An alternative for pain control after knee replacement surgery
It’s estimated that more than half of adults in the United States diagnosed with knee osteoarthritis will undergo knee replacement surgery.
While improvements in implantable devices and surgical technique has made the procedure highly effective, pain control after surgery remains a common but persistent side effect for patients.
Pain relief from liposomal bupivacaine
A Henry Ford Hospital study, presented recently at the American Association of Hip and Knee Surgeons meeting in Dallas, found that injecting a newer long-acting numbing medicine called liposomal bupivacaine into the tissue surrounding the knee during surgery may provide a faster recovery and higher patient satisfaction.
“The pain scores for this injection technique averaged about 3/10, which is similar to the pain scores seen with our traditional method,” says Jason Davis, MD, a Henry Ford West Bloomfield Hospital joint replacement surgeon and the study’s senior author. “Patients had pain relief for up to two days after surgery and better knee function compared with the traditional method.”
It is estimated that the number of total knee replacement surgeries has more than tripled from 1993 to 2009. Arthritis is the most common cause of chronic knee pain and disability. However, a June 2014 study found that 95 percent of knee surgeries are attributed to the epidemic of overweight and obesity in the United States.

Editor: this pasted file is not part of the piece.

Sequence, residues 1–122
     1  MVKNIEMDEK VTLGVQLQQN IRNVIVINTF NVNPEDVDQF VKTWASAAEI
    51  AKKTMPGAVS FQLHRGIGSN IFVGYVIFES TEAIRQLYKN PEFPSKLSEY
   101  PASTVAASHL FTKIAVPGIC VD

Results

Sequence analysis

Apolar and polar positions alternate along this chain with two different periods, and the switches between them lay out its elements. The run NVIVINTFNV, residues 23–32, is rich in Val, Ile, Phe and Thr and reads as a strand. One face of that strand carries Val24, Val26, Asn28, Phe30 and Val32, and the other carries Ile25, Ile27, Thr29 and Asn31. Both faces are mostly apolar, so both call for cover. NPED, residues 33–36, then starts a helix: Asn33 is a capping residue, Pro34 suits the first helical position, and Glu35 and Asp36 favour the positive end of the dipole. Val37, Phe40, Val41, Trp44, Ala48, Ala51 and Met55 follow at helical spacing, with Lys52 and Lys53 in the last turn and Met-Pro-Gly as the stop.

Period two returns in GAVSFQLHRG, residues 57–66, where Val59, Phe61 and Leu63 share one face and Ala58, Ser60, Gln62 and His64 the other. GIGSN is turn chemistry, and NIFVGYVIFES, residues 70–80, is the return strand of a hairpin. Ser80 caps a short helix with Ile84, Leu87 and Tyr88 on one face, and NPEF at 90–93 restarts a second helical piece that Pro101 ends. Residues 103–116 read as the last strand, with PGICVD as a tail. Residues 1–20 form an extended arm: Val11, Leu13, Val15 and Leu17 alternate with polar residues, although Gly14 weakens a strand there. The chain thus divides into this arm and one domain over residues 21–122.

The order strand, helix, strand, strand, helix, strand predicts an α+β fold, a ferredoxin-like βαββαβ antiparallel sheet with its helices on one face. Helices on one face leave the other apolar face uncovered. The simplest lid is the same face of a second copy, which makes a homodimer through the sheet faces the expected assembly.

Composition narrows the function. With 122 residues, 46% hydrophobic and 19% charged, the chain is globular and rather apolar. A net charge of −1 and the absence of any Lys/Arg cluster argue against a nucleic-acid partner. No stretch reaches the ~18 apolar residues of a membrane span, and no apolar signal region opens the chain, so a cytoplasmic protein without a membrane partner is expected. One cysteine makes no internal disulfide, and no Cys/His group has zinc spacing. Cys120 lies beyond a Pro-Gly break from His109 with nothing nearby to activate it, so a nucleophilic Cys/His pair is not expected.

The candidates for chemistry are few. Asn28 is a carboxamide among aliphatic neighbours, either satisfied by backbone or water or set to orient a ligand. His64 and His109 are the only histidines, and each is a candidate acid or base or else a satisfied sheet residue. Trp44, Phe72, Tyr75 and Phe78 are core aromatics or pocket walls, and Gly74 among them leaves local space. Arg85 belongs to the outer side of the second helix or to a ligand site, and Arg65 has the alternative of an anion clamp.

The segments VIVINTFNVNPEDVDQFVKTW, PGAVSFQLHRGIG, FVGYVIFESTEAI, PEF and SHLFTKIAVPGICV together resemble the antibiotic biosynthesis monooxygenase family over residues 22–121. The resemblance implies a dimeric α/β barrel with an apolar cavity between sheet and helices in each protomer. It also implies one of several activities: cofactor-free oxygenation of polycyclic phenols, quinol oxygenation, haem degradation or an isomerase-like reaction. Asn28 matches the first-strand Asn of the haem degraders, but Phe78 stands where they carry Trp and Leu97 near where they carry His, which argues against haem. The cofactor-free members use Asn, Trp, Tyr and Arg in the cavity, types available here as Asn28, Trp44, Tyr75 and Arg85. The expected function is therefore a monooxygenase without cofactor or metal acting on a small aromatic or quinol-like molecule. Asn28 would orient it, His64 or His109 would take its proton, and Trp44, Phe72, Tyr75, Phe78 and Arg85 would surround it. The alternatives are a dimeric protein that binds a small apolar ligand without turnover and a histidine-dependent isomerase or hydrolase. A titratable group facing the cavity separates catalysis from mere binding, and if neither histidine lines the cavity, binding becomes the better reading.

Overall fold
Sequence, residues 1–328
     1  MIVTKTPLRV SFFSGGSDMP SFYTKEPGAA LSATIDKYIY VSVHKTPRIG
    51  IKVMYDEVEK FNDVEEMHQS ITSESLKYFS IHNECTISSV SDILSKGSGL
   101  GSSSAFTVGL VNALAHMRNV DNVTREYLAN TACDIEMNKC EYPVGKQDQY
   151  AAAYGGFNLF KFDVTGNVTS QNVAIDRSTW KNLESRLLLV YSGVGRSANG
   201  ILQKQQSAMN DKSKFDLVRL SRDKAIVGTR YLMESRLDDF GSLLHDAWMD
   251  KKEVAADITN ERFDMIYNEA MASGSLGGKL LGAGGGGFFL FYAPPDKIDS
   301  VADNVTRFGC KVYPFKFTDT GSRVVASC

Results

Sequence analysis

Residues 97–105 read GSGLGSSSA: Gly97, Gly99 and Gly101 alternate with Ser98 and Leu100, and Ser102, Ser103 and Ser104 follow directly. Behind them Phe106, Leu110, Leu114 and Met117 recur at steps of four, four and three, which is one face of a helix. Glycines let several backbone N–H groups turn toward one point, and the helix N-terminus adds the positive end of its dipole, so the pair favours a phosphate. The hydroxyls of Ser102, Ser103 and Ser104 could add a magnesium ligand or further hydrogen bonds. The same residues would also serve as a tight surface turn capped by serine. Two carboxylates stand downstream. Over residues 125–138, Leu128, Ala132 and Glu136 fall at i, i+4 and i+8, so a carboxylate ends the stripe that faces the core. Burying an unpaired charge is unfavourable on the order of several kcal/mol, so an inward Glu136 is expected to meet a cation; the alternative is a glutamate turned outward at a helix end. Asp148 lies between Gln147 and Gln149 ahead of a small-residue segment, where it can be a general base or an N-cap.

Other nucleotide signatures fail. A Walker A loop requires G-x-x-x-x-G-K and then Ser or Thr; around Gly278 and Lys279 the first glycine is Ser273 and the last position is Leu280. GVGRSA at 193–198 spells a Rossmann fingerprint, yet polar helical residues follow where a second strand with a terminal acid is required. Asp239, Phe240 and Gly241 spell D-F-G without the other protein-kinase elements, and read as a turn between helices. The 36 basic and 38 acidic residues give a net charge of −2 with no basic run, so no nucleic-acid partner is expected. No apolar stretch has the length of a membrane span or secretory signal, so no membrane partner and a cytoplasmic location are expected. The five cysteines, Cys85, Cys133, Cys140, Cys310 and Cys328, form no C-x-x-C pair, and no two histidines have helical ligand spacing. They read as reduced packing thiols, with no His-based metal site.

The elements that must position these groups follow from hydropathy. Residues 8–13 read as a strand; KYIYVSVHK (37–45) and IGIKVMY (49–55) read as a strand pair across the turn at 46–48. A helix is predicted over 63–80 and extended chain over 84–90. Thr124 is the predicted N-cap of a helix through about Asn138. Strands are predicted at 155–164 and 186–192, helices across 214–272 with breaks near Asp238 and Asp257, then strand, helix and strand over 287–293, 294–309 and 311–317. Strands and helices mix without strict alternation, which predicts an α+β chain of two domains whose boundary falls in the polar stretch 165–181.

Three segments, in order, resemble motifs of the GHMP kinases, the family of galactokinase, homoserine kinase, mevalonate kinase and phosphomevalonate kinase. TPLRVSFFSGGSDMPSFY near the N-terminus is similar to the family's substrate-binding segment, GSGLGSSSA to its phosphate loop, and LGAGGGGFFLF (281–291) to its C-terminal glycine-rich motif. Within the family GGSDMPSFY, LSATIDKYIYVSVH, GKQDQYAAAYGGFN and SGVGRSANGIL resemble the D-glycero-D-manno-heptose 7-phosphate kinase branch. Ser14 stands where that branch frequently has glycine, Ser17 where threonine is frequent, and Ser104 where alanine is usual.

During the two-hour knee replacement procedure, the orthopedic surgeon removes the damaged cartilage and bone, and inserts a knee implant to restore the alignment and function of the knee. More than 90 percent of knee replacements are functioning 15 years after surgery, according to the American Academy of Orthopaedic Surgeons.
In the Henry Ford study, 216 patients were evaluated for pain control the first two days after surgery from October 2012 to September 2013.
Half of the patients received the traditional pain control method with continuous femoral nerve blockade, in which common numbing medicine is injected into the groin area, blunting the main nerve down the front of the knee. This method uses a pain pump to extend pain control for two days but causes some leg weakness.
“Pain control came at the price of weakness, and made patients somewhat tentative when walking during their hospital stay,” Dr Davis says.
The other half of patients received the liposomal bupivacaine injection at the site of the surgery.
Dr Davis says many patients were able to walk comfortably within hours after surgery, and notes that the injection around the knee itself “optimizes pain control early on” without the side effects of the traditional technique. “Function-wise, it was a lot easier for patients to move around more confidently,” he says.
“In the past decade, we’ve made major advancements in pain control for knee replacement surgery. This option is a promising, viable one for our patients.”